The materials needed for just about anyone to do some genetic tinkering in their garages are available over the internet and organisms developed using them can be released anywhere and in potentially large numbers. Today humans can both cause genetic changes – intended or unintended ones – much easier and without many of the limitations that have contributed so far toward preventing the release of organisms that could cause unanticipated harm to human health or the environment.

Gene technology scales risk not safety

Gene technology increases industrial efficiency and ability to amplify up production, but does not scale up safety with increased use.

In our new paper, we describe this defining characteristic as the raison d’être for regulating gene technology. Some technologies increase safety as fast or even faster than they increase hazard. Seat belts and vaccines are examples of such technologies. Gene technology isn’t.

As you increase the number of practitioners, and the number of species that can be manipulated and kinds of genes that can be targeted and the rate at which multiple changes can be made in an individual, the sum of unintended and potentially adverse changes increases at an exponential rate.

Decreasing so-called off-target effects, those that happen at genes that the developer is not trying to change, can also happen. However, the number of unintended and potentially adverse changes reduce at a much slower, linear rate.

Existing regulations on gene technology generally exempt classical breeding and often, but not always, even chemical and radiation methods. For a variety of reasons the rate at which unintended harmful effects can be mass produced and released by those methods is much, much slower. The gearing achievable with the tools of editing and silencing will always overwhelm tinkered gains in reduced numbers of unintended changes to genes.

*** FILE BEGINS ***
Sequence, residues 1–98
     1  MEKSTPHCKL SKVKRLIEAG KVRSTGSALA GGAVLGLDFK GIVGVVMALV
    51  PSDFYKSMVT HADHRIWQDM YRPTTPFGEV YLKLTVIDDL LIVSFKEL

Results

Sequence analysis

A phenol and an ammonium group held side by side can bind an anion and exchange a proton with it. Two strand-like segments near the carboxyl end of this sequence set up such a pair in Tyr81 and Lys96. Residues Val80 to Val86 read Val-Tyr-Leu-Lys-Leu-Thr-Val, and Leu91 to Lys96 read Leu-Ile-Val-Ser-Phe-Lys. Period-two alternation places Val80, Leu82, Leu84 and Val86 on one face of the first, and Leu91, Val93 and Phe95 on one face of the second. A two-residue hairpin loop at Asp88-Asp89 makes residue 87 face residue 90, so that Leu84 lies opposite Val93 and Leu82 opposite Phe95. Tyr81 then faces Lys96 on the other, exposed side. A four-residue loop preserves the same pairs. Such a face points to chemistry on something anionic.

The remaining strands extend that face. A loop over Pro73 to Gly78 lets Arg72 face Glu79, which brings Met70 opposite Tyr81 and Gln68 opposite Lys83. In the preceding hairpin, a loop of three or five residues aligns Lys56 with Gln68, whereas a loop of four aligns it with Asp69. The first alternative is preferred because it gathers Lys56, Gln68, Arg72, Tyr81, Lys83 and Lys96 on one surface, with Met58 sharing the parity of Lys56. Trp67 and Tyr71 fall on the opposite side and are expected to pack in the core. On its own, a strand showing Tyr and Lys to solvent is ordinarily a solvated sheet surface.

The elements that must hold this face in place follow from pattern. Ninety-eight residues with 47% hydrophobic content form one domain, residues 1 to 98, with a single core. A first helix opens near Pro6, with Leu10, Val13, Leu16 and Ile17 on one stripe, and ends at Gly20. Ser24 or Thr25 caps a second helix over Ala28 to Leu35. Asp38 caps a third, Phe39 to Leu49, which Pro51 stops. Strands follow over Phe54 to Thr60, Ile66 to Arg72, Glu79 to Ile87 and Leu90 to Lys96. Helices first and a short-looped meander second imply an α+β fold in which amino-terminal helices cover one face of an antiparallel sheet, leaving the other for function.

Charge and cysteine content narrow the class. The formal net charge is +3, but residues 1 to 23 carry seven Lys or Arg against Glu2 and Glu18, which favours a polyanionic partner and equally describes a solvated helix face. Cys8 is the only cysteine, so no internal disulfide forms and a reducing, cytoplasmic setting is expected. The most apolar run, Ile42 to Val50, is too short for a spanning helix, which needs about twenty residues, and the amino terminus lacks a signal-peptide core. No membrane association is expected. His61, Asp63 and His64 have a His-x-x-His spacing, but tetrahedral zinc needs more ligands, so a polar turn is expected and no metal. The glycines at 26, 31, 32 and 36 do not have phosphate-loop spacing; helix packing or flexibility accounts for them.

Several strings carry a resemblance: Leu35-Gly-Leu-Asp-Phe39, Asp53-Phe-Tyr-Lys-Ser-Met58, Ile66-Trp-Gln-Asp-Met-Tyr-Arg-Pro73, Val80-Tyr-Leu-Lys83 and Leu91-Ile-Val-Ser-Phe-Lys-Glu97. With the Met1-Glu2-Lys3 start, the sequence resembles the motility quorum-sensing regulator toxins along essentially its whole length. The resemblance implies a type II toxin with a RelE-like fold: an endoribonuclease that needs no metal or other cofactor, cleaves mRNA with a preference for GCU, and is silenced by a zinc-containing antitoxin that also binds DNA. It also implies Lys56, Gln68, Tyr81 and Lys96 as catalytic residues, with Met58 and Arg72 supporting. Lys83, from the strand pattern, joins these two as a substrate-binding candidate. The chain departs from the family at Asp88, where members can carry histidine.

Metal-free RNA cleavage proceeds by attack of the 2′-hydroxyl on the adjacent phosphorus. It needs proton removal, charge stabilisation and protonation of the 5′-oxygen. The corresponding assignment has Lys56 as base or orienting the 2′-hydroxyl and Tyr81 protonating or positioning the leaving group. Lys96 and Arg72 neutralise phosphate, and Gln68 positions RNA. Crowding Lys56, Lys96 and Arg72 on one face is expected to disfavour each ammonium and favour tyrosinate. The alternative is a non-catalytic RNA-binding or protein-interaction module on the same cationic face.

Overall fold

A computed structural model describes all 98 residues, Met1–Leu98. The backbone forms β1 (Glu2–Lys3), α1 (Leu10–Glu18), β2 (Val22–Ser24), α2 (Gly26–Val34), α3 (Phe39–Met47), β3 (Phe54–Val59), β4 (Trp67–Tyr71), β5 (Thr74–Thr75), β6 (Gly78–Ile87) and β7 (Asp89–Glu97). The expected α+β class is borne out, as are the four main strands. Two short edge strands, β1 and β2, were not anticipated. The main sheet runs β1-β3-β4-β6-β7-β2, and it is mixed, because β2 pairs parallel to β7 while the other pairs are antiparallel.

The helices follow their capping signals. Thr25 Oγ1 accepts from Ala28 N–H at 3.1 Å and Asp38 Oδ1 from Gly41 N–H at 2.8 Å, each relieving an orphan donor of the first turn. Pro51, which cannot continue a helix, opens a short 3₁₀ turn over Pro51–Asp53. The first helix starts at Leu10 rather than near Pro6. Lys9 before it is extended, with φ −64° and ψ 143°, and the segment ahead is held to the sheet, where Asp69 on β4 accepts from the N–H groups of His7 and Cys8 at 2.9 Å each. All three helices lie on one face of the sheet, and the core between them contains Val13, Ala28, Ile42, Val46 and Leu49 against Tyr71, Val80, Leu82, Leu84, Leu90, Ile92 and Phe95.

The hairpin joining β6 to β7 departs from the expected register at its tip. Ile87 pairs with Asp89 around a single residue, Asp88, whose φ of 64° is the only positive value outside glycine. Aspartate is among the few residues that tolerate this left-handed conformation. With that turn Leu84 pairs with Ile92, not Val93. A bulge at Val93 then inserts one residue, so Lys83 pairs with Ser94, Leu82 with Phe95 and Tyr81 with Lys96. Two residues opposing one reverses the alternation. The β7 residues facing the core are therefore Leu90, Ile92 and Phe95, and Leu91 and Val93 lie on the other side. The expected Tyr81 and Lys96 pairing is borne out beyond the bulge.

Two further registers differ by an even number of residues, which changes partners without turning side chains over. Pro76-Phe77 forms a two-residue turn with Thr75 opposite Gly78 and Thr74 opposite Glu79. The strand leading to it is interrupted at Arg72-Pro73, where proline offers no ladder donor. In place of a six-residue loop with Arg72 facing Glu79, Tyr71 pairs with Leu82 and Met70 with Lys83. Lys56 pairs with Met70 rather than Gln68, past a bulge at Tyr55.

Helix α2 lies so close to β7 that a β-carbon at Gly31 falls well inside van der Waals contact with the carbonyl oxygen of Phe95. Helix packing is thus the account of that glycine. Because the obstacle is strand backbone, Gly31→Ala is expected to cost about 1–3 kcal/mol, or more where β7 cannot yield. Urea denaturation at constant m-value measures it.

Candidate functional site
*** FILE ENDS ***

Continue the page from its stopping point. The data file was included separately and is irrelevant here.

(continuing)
Regulation is social good

Gene technology can cause harm. It can cause harm at scales that increase with use of the technology and exposure to it. Improvements in the technology that could reduce harm do not increase safety as quickly as use can increase exposure to potential new hazards.

Of course bad things can come from spontaneous mutations and from those induced by radiation and chemical agents. In a perfect world with unlimited regulatory capacity, these too could be further regulated. For now, though, it is reasonable to draw a line between them and the kinds of molecular tools for gene manipulation that are called genetic engineering, genome editing and gene silencing.

Society has no guarantee that unregulated products will be safe. Regulation may be no guarantee either, especially as some regulators can also have deficits in their understanding of the biochemistry of these techniques. But that problem is not solved by deregulation.  Developers too should have an interest in reducing the reputational damage that will come from poor products of gene technology.

I think it is at best unhelpful, and at worst mischievous, for my fellow gene technologists to be muddying the risk and governance discussion using murky metaphors of “naturalness” to describe the mainly industrial properties of gene technology and to imply safety.

Nature is not a metaphor for safety and not an excuse to deregulate a technology that can be used unsafely.

  • Prof Jack Heinemann, PhD Centre for Integrated Research in Biosafety, University of Canterbury, New Zealand
  • The paper, Differentiated impacts of human interventions on nature: Scaling the conversation on regulation of gene technologies by Heinemann et al can be downloaded here.